Our adventure started bright and early on Friday morning. As I have done in the past, I took a personal day to extend the weekend a bit and get as much time there as possible. We loaded up the truck and boat, and after a brief stop for some food in Grand Marais, we arrived at the Cross River Lodge by mid-morning. Our room was not ready yet, so we took the opportunity to get the boat in the water and do a little work on the east side of the lake.

It was a gorgeous day, warm with very little wind…probably one of the best fall days I’ve experienced on the lake. My plan was to shoot some video at the narrows between Gunflint and Little Gunflint Lake, something I had wanted to do in the summer but I forgot my wireless microphone. Even though it was a nice day, I had to wade through the water in the channel that separates the two lakes and man was it cold. Talk about waking you up! My oldest, Ethan, joked that he should have recorded me in the water as well, as it was quite hilarious.

While we were in the area, I decided to shoot a little video of the site of the US Customs houses on the US side of the channel. I did make a dumb decision to leave my crocs on while I did it, which was it retrospect a bad call. They were wet from being in the water and I nearly killed myself a half-dozen times while I walked around through the bush, video camera in hand. I guess it added a little excitement to the day!

Gunflint Little Gunflint Narrows, October 2017.

On our way back to the lodge we stopped along the north side of the lake where the PAD&W runs right beside the shore. The blue sky and fall colours made for some fantastic photos, even with my iPhone. I had no idea why I didn’t take out my real camera and take some shots. We spent some time near the spot I call the “Retaining Wall” which contains cribbing work done by the railway engineers 125 years ago. It’s still in amazing shape for its age and I am always fascinated each time I am there. I figured I’d record a bit while I had the camera out and add it to my collection for the day. You can view all the completed videos here, here and here.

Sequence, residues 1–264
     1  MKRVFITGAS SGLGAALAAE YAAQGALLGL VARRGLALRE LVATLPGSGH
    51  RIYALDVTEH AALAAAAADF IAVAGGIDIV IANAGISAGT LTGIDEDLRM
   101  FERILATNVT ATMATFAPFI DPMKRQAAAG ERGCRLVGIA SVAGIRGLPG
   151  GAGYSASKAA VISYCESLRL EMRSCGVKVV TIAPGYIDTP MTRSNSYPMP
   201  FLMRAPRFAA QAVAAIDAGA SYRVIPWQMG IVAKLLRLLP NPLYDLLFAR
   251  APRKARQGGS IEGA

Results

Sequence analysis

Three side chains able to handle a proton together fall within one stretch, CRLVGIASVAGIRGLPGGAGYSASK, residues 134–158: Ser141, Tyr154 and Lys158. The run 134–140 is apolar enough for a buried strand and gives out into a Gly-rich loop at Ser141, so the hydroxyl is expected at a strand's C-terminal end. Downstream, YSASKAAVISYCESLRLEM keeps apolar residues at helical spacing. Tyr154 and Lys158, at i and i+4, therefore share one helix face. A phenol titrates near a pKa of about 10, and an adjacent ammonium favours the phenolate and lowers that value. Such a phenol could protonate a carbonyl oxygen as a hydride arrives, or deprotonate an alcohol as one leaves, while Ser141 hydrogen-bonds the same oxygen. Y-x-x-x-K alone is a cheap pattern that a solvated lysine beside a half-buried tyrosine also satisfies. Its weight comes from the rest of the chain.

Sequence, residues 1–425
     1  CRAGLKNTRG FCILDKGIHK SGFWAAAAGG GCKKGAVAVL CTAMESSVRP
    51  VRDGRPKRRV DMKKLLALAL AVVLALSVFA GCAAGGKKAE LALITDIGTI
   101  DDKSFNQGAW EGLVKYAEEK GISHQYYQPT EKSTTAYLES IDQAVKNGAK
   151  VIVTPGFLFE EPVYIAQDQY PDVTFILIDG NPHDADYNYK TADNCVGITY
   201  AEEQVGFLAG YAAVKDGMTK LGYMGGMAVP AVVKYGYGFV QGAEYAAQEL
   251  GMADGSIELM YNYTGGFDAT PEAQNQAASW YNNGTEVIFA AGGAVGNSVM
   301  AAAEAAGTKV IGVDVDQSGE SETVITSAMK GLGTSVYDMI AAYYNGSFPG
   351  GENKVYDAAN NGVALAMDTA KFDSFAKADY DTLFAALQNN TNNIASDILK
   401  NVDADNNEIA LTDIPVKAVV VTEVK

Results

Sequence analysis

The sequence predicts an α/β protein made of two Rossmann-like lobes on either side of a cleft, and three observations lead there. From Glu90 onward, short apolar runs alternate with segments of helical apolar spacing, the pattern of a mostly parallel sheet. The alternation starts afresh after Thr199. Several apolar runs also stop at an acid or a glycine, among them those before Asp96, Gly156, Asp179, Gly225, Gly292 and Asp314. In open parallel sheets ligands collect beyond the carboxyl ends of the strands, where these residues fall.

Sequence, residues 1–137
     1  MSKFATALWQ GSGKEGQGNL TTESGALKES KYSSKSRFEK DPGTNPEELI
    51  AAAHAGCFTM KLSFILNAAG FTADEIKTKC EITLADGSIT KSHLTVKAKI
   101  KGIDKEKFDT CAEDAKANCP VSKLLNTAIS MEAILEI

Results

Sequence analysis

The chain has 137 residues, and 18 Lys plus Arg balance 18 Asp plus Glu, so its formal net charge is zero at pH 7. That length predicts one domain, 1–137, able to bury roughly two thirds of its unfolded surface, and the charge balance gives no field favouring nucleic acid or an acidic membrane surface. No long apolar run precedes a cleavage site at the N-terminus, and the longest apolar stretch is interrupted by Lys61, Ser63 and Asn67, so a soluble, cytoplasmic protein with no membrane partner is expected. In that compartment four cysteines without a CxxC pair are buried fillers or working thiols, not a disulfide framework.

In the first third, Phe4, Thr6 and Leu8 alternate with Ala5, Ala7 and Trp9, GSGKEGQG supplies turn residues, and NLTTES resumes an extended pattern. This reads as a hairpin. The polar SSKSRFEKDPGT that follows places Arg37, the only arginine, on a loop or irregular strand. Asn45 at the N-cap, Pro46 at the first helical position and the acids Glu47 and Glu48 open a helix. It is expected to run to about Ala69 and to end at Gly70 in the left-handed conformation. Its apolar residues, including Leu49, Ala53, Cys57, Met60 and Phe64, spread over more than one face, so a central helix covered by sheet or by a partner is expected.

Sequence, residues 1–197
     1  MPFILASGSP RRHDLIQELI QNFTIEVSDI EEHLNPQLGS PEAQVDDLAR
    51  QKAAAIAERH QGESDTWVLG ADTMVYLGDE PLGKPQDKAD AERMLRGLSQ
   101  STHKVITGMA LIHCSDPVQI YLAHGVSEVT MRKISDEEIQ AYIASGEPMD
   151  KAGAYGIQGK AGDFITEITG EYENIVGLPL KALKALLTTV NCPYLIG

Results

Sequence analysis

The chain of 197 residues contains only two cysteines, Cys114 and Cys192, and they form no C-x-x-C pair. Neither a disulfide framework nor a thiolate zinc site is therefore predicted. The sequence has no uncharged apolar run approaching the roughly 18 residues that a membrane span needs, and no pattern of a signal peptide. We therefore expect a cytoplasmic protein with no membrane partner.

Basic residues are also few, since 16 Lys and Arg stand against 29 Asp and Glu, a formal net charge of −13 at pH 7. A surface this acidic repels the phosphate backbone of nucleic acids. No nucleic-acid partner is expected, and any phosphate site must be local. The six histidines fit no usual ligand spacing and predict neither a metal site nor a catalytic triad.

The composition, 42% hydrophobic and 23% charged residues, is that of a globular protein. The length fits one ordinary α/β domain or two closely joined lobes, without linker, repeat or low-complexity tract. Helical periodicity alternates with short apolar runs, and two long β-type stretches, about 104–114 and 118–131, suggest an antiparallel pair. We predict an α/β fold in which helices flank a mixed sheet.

Railway grade, Gunflint Lake, October 2017.

Retaining Wall, Gunflint Lake, October 2017.

Gunflint Narrows, October 2017.

Once we were back at the lodge and settled in, my next task was to prepare for the evenings events. If you recall, during my visit the previous year, I was asked to do an impromptu presentation on the railway. Afterwards, I told John and Rose that I would gladly do it again, but this time I would prepare myself a bit more. During my summer visit we discussed the idea and agreed it would be great to do it again. Since I had the opportunity to plan ahead, I decided to do a topic that I had not really spoken about before. A few of my presentations at Gunflint had alluded to John Paulson, the driving figure behind the mining efforts in the area in the early 1890s and the namesake of the Paulson Mine, but I had not elaborated much. With that in mind, I decided to dedicate my whole presentation to this somewhat mysterious man.  

I played to another packed house and the presentation was very well received. I also had a chance to meet some new people and connect with a number of familiar ones. I hope that this topic will form the basis of a lecture I plan to do at the Chik-Wauk Museum in a few years.

Our plan for Saturday morning involved some explorations of the Gunflint and Lake Superior in an area I had visited a few times before. We would ditch the boat for the day as our starting point was more readily accessible by road than by water. We would travel along the Crab Lake Extension of the Border Route Trail to where it intersects Crab and Whisker Lakes to look a few sites in that area. I was really apprehensive about how it would go, since it had been much wetter than in previous years and the ground could potentially be very soggy.

It’s about a 3 kilometre walk to the location, mostly along the south shore of Crab Lake. It was as I feared a bit wet, but better than I had expected. My first task was to trace a section of the railway grade along Whisker Lake, in an area I had missed on several previous visits. That was accomplished without much trouble, at which point I directed my attention to the grade along the east side of Crab Lake. In this case I was thwarted a bit by the water level on the lake, but I did make a few important discoveries. Our day was concluded by a nice meal at the Gunflint Lodge and a some down time back at Cross River.